The Army put the brakes on their individual carbine competition last week. They’d been conducting ongoing trials to find a replacement for the M4/M16 that have been the main battle rifles for over 50 years. The reason they stopped was that none of the guns met their established average reliability requirement, so they sent the guns back for more work. As much as I was disappointed that my beloved SCAR didn’t make the cut, I was extremely happy to see that the military procurement system was working based on actual performance instead of political pressure. Looks like I spoke too soon . . .
From US News and World Report:
Now the $1.8 billion program sits in limbo, with the competitors weighing protest options and lawmakers steaming over what they see as the Army dragging its feet over finding a more modern alternative to the Vietnam-era M4 carbine.
Sen. Tom Coburn, R-Okla., sent a letter to Army Secretary John McHugh earlier this week, criticizing the cancelation of what he says is an essential upgrade. He also pointed to inconsistencies in an Army that uses a decades-old rifle design, yet has changed its battle uniform three times since 2006.
“The Army continues to prioritize modernization of other non-essential equipment over its small arms,” he wrote on Monday.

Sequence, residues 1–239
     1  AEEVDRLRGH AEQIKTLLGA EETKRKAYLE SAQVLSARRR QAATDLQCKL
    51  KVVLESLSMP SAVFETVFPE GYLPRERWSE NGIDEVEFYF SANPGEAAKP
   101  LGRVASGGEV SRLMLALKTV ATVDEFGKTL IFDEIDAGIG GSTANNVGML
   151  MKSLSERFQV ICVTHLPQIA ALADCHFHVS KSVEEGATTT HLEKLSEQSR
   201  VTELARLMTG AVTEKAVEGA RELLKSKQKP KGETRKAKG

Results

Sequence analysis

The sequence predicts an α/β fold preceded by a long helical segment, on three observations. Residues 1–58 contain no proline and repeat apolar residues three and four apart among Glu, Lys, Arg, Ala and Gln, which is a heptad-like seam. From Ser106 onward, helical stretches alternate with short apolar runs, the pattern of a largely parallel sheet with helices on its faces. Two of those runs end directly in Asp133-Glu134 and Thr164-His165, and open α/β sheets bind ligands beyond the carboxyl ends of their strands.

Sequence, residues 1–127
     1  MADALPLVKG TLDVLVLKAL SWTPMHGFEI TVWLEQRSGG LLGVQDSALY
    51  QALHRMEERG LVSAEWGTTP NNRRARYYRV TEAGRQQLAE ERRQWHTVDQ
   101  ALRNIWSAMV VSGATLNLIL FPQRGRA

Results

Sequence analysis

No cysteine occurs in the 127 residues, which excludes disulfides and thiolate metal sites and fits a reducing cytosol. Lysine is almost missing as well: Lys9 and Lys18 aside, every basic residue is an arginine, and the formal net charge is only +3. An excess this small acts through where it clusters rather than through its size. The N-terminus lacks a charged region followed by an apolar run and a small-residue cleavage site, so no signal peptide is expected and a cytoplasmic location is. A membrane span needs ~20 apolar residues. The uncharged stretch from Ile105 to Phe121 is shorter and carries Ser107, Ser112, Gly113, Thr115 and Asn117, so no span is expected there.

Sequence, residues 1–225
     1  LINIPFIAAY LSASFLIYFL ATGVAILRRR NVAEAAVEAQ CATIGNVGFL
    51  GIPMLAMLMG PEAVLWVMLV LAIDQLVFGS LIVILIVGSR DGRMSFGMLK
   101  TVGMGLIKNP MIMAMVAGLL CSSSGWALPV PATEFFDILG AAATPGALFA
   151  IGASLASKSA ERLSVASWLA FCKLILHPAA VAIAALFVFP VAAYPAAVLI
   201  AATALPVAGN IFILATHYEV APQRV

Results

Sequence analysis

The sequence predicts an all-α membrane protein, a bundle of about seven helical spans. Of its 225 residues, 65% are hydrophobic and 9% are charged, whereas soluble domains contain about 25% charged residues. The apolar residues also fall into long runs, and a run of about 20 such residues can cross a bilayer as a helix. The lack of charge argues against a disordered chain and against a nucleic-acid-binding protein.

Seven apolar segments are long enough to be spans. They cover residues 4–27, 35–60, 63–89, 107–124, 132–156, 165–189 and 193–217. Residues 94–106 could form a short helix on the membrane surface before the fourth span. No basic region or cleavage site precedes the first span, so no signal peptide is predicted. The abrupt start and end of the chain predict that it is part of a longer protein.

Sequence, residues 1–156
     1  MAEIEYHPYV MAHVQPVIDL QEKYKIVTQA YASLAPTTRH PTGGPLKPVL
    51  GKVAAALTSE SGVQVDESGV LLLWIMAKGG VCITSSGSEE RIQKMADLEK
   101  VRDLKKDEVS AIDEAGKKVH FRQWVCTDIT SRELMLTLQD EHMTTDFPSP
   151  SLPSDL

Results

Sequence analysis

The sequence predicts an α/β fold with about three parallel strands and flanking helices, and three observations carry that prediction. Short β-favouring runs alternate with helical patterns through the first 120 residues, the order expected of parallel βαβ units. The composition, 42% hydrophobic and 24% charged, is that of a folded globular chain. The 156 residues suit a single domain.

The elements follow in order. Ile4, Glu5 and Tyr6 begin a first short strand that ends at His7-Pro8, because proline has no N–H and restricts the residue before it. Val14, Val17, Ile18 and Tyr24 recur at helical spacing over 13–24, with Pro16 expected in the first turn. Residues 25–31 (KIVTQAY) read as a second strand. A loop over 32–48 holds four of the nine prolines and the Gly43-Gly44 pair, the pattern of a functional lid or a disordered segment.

“If the rifle squad is the foundational element of the Army, and small arms are the rifleman’s primary weapon,” he wrote, “[why] would we not take steps today to ensure that we are equipping our force with the most effective small arms and ammunition available?”
I don’t think Senator Coburn quite understands the difference between “newer” and “better.” The rush for an “improved” battle rifle is how we ended up with the full auto monstrosity of the M-14 instead of something that worked, and how the M-16 made it into the field without being fully baked.
Just because something has better promotional materials doesn’t necessarily mean that it’s actually better. The Army’s standards might be too high, but at least they have standards this time. And while we need a newer battle rifle, the M4/M16 can hold the line quite nicely until a proper replacement is found. Emphasis on ‘proper.’